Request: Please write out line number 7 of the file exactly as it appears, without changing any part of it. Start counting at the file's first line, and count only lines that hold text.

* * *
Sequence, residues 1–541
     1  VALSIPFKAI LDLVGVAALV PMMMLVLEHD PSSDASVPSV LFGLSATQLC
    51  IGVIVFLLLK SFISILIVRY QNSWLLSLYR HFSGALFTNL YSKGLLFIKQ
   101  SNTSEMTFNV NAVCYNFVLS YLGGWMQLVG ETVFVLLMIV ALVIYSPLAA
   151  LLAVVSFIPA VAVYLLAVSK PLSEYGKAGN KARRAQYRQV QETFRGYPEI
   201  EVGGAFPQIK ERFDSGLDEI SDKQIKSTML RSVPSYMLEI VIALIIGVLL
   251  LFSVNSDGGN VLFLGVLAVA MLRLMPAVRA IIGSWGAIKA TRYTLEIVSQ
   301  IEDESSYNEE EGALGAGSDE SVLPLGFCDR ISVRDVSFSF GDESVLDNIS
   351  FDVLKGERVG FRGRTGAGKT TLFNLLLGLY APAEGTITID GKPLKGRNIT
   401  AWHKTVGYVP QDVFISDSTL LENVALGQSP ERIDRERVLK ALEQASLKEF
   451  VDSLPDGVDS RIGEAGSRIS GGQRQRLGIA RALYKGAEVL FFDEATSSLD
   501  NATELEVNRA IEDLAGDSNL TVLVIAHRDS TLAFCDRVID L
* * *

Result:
   251  LFSVNSDGGN VLFLGVLAVA MLRLMPAVRA IIGSWGAIKA TRYTLEIVSQ